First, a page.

“In an era of installations and performance in which ‘anything’ can be art, a new Tate exhibition [Painting Now] focuses on the work of five contemporary painters” – Why painting still matters by Nicholas Wroe and Simon Grant for The Guardian. “Painting Now” is on until 9 February 2014.
Winner of the Turner Prize 2006, Germain painter Tomma Abts currently lives and works in London. Utterly abstract and non-representational, complex geometric elements build up her paintings, each 48 x 38 centimeters. Abts then works out titles by consulting a book of German first names. What interests her is that she treats each of her works, as she says, “… an image and at the same time an object.”
- My favourite works were “the cat paintings” by Gillian Carnegie; she achieved a real depth and presence with a monochrome palette, in which the only live being in the composition was a black cat. It feels like Something Is About To Happen in her paintings.
- Richard Dorment of The Telegraph doesn’t seem to like these paintings as well as I did, and writes, “If the picture’s black and grey tonality feels spooky, perhaps that’s our problem. All Carnegie has done is show the world as a cat sees it.”
- English painter Simon Ling says of his depictions of seemingly-ordinary street corners in London, “…it is less a celebration of the ordinary than a demonstration of the idea that by painting something that is apparently nothing, it has the opportunity to become everything.” For writer from ArtFund.org, his work landscapes and still-life pictures “border on the grotesque” with their “unflinching naturalism”.
Lucy McKenzie’s paintings and installations involve highly-detailed fake cork message boards, wallpaper and the like. She started her art studies in Glasgow, then soon left Britain to specialise in 19th century decorative painting at Brussels’ Van Der Kelen art school.
Referring to a meeting between Charlie Chaplin and Pablo Picasso “…silent communication between visual modernism and Hollywood’s golden age inspired Catherine Story’s work, in which the gold tones and ramshackle props of silent film meet the impossible geometry of cubism…”.Story references both art and film in her experiments, “…seeking to find ways of imaginatively representing the world in first two and then three dimensions.”
Contemporary Painting in Context symposium at Paul Mellon Centre
In December 2013, ‘Painting Now’ was the centre of the symposium, “Contemporary Painting in Context” at Paul Mellon Centre, a brilliant resource and research centre for British art and architecture. The day of talks and panel discussions with artists, curators, writers and critics included: Michael Bracewell, Dexter Dalwood, David Rayson, David Ryan, John Slyce, and Stephen Bann.
Throughout the day, the conference was around what it means to be a painter, art writer or curator today. Headed by ‘Painting Now’ curators Clarrie Wallis and Andrew Wilson, the discussions went from the context of painting from artist’s studio to public art, painting as a study of materiality, to the role of art criticism, ending with a talk by RCA lecturer John Slyce entitled, “Post-object Painting: Platform and Model in the work of Ian Kiaer”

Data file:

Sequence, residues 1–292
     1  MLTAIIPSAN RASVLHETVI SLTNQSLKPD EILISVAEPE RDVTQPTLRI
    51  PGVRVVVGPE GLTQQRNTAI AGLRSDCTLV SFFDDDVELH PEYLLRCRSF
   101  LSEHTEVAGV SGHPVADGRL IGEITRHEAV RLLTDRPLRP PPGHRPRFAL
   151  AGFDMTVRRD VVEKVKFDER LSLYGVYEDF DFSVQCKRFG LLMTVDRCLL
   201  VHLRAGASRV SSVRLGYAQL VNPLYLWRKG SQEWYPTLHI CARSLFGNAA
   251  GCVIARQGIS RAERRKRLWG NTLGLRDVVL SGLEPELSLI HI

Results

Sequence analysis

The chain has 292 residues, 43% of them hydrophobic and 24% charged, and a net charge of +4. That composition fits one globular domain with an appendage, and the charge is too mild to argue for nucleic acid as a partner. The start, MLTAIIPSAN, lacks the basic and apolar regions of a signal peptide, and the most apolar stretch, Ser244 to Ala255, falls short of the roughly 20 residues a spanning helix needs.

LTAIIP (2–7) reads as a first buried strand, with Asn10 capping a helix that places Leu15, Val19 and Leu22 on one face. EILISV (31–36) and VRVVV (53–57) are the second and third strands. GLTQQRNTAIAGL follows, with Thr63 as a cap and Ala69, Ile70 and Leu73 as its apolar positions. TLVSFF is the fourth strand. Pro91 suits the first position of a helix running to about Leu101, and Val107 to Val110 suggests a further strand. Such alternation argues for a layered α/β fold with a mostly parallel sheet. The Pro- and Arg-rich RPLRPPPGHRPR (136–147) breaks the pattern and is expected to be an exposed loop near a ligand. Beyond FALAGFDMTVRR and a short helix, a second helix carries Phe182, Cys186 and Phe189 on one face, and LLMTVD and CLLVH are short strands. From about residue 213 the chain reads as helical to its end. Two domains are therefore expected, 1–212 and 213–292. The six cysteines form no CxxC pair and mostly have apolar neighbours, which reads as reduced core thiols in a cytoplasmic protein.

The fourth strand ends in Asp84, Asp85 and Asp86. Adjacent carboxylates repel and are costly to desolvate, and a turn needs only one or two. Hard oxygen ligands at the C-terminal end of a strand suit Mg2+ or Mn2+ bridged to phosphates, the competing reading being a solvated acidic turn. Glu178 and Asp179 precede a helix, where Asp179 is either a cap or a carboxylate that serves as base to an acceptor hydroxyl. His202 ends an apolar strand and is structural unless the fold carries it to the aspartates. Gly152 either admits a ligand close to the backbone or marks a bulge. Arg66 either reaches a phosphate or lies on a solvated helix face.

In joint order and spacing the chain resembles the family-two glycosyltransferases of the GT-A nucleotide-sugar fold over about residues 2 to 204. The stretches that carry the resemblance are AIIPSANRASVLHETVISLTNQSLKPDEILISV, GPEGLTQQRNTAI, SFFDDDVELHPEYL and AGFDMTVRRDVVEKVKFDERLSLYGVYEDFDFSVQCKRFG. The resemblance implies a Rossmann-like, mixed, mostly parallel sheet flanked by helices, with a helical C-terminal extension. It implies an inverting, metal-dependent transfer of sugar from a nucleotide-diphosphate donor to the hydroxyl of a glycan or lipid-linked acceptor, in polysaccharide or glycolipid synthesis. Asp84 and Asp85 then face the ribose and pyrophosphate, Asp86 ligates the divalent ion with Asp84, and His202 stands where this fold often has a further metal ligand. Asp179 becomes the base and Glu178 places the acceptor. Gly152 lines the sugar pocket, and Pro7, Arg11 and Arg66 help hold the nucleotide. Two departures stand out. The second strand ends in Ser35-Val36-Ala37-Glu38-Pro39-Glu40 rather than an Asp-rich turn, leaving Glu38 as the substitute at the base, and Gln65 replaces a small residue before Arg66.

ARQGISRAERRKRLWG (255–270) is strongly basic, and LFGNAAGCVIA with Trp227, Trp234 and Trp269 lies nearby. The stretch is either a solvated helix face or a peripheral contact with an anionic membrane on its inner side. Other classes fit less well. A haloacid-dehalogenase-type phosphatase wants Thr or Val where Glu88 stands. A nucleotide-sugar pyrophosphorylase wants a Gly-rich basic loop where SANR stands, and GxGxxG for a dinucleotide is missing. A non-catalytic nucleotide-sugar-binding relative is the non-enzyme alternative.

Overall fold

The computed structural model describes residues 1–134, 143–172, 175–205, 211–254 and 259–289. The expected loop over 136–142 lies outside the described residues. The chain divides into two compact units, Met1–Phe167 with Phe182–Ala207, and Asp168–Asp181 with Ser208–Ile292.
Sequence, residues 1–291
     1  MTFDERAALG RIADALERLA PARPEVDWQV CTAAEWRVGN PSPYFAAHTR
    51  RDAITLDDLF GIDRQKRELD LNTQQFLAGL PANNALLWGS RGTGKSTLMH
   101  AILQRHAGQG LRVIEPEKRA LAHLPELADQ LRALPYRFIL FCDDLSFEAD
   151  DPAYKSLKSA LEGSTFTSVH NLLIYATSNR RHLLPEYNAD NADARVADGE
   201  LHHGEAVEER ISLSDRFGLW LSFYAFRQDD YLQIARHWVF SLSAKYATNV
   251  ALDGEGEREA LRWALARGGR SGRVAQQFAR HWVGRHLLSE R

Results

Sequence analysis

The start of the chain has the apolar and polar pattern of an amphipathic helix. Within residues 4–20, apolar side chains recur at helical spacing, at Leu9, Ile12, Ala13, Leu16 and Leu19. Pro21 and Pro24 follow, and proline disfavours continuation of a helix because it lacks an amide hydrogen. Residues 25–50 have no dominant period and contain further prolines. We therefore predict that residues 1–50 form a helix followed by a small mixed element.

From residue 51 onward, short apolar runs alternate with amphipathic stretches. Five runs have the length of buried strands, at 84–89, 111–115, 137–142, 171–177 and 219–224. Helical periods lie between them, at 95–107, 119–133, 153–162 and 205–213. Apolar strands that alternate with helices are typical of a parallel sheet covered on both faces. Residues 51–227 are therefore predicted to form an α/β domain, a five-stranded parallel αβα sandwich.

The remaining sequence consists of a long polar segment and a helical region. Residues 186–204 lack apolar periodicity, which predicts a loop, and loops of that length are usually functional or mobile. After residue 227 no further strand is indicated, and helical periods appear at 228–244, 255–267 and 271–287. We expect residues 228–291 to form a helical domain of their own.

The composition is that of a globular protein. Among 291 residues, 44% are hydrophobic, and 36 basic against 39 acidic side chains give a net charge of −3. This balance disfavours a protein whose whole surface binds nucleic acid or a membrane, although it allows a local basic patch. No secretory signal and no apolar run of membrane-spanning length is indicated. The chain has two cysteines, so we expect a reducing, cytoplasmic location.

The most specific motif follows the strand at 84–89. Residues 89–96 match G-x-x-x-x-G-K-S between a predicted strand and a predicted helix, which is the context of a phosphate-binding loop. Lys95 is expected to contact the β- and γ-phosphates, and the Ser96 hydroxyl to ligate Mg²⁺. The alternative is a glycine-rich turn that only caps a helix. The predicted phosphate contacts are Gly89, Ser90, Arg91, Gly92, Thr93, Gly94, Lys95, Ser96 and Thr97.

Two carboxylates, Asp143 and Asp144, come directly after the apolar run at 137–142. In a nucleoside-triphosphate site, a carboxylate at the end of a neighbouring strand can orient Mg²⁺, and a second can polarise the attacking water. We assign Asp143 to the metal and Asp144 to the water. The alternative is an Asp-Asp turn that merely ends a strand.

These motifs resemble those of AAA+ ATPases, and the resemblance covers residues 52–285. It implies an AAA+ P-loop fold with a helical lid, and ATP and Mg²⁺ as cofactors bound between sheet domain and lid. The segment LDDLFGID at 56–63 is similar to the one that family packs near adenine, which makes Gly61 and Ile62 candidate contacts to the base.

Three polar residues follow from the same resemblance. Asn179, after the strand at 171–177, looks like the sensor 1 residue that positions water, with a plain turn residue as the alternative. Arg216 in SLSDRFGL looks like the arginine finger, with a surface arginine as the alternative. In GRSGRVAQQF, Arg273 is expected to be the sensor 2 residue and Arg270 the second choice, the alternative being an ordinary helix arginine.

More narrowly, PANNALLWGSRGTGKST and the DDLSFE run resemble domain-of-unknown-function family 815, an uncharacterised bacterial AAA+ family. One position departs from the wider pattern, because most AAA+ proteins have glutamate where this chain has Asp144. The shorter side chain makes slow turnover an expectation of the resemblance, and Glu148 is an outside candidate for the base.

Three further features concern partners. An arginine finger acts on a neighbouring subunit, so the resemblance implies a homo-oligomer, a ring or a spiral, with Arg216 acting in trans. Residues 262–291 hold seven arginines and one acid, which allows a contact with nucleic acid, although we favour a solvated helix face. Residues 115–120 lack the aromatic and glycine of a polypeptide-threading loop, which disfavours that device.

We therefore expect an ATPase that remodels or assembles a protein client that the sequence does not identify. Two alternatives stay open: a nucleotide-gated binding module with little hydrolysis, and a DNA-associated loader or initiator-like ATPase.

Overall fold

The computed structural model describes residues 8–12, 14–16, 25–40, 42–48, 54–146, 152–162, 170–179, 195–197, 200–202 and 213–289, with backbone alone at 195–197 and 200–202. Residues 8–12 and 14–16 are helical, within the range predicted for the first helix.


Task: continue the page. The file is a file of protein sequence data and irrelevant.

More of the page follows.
One of the funniest quotes of the day was from Turner Prize nominee Dexter Dalwood; when speaking about trends in painting, he implored current art students to “Stop painting from photographs. Just stop it. It’s terrible.” His preference is for artists to be confident in their own experiences and ideas, and seems to think it’s pointless to transcribe an image from a photograph to canvas.
All in all, exhibitions at Tate are usually pretty good – well-presented, informative and most importantly, they usually offer a new perspective to whatever you’re looking at. If you want more than an enjoyable 2-hour visual break from your day, an exhibition like ‘Painting Now’ is made better when you can catch a related symposium, curator’s talk or other learning event. I got much more out of the show the second time around because I really looked at the paintings knowing that the rest of the day would be about them.
More links and information
- Tate website: Painting Now exhibition at Tate Britain
- Symposium: Contemporary Painting in Context [PDF], at Paul Mellon Centre for Studies in British Art
- Itinerary for Symposium: Contemporary Painting in Context [PDF]
- Review – Painting Now, Tate Britain by Richard Dorment for The Telegraph, 3/5 stars “This is painting you can respect.”
- Review – Painting Now, Five contemporary artists by Laura Cumming of The Guardian “There are no inflated propositions about the state of the art – just the art itself, judiciously chosen, beautifully presented.”
- “A fresh twist” review by Jackie Wullschlager of the Financial Times
- Review – “Tate Britain’s new show offers a concise, and in some ways modest, view of five very different British-based artists” by Ben Luke of the Evening Standard
- “Traditional? Yes. Outdated? Certainly not…the humble painting is far from a thing of the past.” from The Londonist blog
Links for the artists featured in ‘Painting Now’:
Exhibition details: ‘Painting Now’ is on at Tate Britain, Millbank, London SW1P 4RG, from 12 November 2013 to 9 February 2014. Paid admission, concessions. Free admission to Tate Members.